Environmental factors: This is the “E” of the term “ESG” (environmental, social and governance) and concerns issues related to pollution, climate change, energy use, natural resource use, waste management, biodiversity and other environmental challenges and opportunities.
Ethical investing: Also known as “values-based investing”.
ESG: Environmental, social and governance.
ESG integration: An investment approach that incorporates ESG considerations into the investment decision alongside traditional financial analysis. ESG integration is about understanding the most significant ESG factors that an investment is exposed to, and making sure that you’re compensated for any associated risk.
ESG fund ratings: A rating, most commonly provided by third-party commercial providers like MSCI and Morningstar, that looks at a fund’s underlying holdings and scores its overall ESG risk based on specific metrics. The choice of metrics and the resulting rating vary amongst different providers.
ESG indices: Indices traditionally track the performance of a basket of bonds or shares, such as the FTSE 100. A growing number of indices track investments by screening out certain industries or, more recently, by evaluating which companies qualify based on ESG measures. FTSE4Good indices, for example, exclude companies that do not meet specific ESG criteria.
EU Green Deal: A policy framework and package of measures that aim to make Europe climate neutral by 2050, boosting the economy through green technology, creating sustainable industry and transport and cutting pollution.
Fossil fuels: A natural, non-renewable energy source, such as coal, oil and gas. These are naturally high in carbon and the gases released from burning these fuels (such as carbon dioxide) are widely believed to be the leading cause of climate change.
Gender pay gap: A gender equality measure that shows the difference in average or median earnings between men and women.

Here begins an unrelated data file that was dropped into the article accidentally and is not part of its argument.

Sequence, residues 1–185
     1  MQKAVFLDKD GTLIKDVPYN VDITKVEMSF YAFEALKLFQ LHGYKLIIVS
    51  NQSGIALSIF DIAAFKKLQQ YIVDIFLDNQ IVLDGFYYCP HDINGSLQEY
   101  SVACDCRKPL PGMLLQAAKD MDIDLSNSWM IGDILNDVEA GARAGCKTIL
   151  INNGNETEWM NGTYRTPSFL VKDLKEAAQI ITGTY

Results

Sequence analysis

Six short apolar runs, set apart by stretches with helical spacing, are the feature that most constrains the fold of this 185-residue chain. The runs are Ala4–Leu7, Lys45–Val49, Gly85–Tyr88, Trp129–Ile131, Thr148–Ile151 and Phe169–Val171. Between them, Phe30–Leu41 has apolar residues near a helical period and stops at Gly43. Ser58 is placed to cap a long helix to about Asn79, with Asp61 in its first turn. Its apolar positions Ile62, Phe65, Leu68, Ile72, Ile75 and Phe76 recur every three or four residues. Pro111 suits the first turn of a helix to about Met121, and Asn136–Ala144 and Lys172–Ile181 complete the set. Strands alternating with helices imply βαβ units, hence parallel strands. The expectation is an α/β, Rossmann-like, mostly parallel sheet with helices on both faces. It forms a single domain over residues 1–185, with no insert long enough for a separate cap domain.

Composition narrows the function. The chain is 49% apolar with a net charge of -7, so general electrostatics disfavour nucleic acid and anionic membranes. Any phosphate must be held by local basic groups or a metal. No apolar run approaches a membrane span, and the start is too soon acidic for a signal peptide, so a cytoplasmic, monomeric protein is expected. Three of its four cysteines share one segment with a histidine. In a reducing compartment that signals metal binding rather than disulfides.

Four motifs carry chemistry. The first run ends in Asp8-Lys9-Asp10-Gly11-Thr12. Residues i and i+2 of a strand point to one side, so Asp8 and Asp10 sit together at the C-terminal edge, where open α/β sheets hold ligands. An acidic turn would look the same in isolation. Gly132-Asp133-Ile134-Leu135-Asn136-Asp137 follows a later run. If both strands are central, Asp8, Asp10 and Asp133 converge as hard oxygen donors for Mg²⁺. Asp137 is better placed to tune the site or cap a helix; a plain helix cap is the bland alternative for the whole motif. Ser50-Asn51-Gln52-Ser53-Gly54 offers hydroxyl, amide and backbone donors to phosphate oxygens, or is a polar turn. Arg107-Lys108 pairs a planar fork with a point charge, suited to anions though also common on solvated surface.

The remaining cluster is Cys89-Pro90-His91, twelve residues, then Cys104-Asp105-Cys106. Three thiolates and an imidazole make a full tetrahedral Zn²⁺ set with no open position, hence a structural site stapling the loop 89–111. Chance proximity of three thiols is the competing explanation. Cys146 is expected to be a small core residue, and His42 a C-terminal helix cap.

Governance factors: See “corporate governance”. This is the “G” in “ESG” and is about assessing how well a company is run. Governance factors include remuneration, board structure and corporate strategy.
Green bond: A bond in which the proceeds are used by the issuing company or government specifically to fund new and existing projects with environmental benefits such as renewable energy and energy efficiency projects.
Greenhouse gases: Carbon dioxide, methane, nitrous oxide and fluorinated gases. These gases trap heat close to the surface of the earth and are a key cause of climate change.
Greenwashing: Falsely communicating the environmental credentials of a product, service or organisation in order to make a company seem more environmentally-friendly than it really is.
Human rights: Basic rights that belong to all human beings. They include the right to life, liberty, freedom from slavery and torture, and freedom of opinion and expression. The UN Declaration on Human Rights is widely recognised as a benchmark of these basic standards.
Impact investing: Investments that are made with the primary goal of achieving specific, positive social and environmental benefits while also delivering a financial return. Impact investments create a direct link between portfolio investment and socially beneficial activities, and historically most of the activity has occurred in unlisted assets. Not to be confused with impact measurement (see below).